For others of you 2014 was a fabulous year. It was the year of your launch. Some added locations, others expanded your store’s square footage. Wow! In either case, hard or fabulous, I love the spirit of the Entrepreneur.
At the launch of 2015 possibilities abound. (in truth they abound at the dawn of each new day – but this post is about the new year so….) They are available to every one of us. I absolutely adore the HOPE that arrives with a new year.
Speaking of which, I HOPE you’ve noticed the new look of my website. My sister, Shelly, built this for me. We have been collaborating on the things I wanted in a website for about 3 to 4 months. I’m so excited to roll it out on the 1st day of the new year. If you need help with your website or graphics or social media or email campaigns, Shelly is for hire. Just shoot me an email and I’ll get her contact information to you.
Let me leave you with one of my favorite quotes by Christopher Reeve:
[My sister-in-law posted this to her Facebook page the day after the elections. I asked her permission to post it here because I enjoyed it so much. I think her exhortation is something we need to consider well before the next turn at vote arrives.]
Vote- It’s important but not for the reason you may think –
Some people believe that voting in a political election is like choosing between having your eyes gouged out by a hot poker or scooped out by a Hoodsie ice cream spoon.
Both options are painful and you end up blind either way.
I used to be one of you. Until today.
It doesn’t matter who you vote for. It doesn’t matter who wins the election. It doesn’t matter if the choice at the polls is between Dr. Evil/ Dr. Strangelove and Mother Theresa/Pollyanna.
The only thing that matters is that you vote.
The power of the vote is not in who accumulates the most. The power in the vote is the person casting it. Each and every person who casts a vote exercises their personal power.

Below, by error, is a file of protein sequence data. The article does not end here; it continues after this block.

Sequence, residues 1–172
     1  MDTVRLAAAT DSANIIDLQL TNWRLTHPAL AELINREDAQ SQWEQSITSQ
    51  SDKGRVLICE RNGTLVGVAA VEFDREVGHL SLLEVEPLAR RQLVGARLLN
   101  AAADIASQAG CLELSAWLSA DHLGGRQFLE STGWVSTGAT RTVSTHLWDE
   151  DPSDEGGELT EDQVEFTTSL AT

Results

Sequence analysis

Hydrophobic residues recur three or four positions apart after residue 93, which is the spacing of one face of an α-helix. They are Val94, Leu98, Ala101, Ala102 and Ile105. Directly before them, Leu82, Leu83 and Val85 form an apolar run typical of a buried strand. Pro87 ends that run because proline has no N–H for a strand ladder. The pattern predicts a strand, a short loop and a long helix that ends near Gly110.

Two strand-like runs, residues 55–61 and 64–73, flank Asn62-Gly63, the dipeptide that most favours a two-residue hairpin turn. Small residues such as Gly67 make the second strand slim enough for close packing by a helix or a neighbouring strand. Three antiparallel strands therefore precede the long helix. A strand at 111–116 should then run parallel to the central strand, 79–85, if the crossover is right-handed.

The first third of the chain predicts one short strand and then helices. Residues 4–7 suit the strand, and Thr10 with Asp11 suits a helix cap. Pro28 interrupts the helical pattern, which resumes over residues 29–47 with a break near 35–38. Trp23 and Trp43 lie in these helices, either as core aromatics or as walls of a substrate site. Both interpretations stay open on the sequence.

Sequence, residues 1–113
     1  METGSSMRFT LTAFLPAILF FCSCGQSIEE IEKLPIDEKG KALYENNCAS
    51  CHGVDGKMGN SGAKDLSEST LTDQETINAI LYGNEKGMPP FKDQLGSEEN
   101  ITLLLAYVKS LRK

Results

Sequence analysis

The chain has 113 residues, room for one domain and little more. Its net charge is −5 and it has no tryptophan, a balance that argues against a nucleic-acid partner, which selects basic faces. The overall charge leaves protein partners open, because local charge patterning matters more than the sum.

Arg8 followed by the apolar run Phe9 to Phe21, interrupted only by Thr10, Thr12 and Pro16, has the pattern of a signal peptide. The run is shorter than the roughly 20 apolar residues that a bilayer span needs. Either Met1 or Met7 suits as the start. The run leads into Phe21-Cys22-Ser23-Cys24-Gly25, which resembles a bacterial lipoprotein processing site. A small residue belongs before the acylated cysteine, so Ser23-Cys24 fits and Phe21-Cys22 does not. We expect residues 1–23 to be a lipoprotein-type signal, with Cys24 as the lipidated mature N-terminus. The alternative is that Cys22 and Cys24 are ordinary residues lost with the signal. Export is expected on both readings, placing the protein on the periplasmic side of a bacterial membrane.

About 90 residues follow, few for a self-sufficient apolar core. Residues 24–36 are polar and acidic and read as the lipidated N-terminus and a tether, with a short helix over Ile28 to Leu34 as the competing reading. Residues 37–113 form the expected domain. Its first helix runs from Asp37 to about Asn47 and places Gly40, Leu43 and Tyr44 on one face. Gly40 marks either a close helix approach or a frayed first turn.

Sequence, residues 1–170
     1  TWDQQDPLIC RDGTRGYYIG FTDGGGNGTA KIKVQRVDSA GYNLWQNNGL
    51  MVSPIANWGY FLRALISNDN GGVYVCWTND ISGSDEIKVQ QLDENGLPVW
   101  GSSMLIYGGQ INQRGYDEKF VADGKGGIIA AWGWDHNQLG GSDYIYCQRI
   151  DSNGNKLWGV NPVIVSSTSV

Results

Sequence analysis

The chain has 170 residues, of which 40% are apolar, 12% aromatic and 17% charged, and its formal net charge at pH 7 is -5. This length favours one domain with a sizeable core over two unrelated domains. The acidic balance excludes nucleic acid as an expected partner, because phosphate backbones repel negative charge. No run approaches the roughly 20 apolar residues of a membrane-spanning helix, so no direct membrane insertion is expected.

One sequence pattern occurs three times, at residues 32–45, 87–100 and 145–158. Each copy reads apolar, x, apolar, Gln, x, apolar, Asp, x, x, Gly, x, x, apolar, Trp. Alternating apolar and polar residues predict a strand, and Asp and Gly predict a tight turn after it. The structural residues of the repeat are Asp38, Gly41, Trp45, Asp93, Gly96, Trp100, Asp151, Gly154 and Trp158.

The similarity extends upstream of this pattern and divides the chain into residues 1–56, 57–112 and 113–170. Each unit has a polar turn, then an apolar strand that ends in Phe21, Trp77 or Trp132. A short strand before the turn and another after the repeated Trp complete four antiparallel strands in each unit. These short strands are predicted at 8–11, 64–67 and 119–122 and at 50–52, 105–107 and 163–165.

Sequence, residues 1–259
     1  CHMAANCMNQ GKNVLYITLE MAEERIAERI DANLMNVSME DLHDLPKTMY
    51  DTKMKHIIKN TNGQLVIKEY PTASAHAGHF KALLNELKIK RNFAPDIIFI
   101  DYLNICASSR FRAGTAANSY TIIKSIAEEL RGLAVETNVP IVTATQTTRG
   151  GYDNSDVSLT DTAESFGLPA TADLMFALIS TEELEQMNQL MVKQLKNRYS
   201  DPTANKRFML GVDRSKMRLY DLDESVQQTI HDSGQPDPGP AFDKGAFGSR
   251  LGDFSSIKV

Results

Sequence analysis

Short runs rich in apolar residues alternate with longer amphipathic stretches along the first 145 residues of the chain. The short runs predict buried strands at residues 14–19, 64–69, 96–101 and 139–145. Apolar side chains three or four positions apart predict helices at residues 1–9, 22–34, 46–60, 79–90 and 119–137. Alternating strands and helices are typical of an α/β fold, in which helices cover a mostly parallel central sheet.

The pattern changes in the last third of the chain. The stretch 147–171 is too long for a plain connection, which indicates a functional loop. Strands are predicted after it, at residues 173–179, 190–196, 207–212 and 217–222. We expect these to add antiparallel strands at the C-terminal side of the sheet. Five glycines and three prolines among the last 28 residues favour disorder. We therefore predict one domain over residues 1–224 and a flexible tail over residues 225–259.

Each person who casts a vote does so because we are a culture that believes one person can make a difference. Voting is a mindset. We are part of a system, however flawed it may be, that encourages us to participate and make our choice, to have a voice. This attitude is so pervasive that it extends far beyond the voting booth and seeps into our identity as Americans. When I think about it, I’m not sure how much change actually happened because we “voted” either for it or against it.
Women were not given the vote in 1920. Women took the vote. They picketed outside Woodrow Wilson’s White House and went to prison – where they were beaten and tortured for days. They had no one to save them. Alice Paul began a hunger strike, and was force fed raw eggs through a tube jammed down her throat. In the end, women earned the right to vote. Women risked their lives, went to prison, were beaten for the right to vote, but what was it they wanted to vote for?
Think about that for a second.
Had their choices changed? Was there a woman they could vote into office to promote women’s issues? No! Women couldn’t vote, so they sure as hell couldn’t run for office. But they could make a difference. They cast their vote even before they picketed Wilson’s White House.
Rosa Parks decided one day that she was going to sit in the front of the bus. Was she allowed to do this because we voted on this issue? No, she took the seat. She took the right. She cast her vote.
Change happens, and then we vote. Change happens because we believe that one person can make a difference. And that’s why I voted today. I am one person. I can make a difference.
When you choose not to vote, you give away your power. If enough people give away their power, they will cease to believe that they can make a difference and that they matter. If enough people believe that they don’t m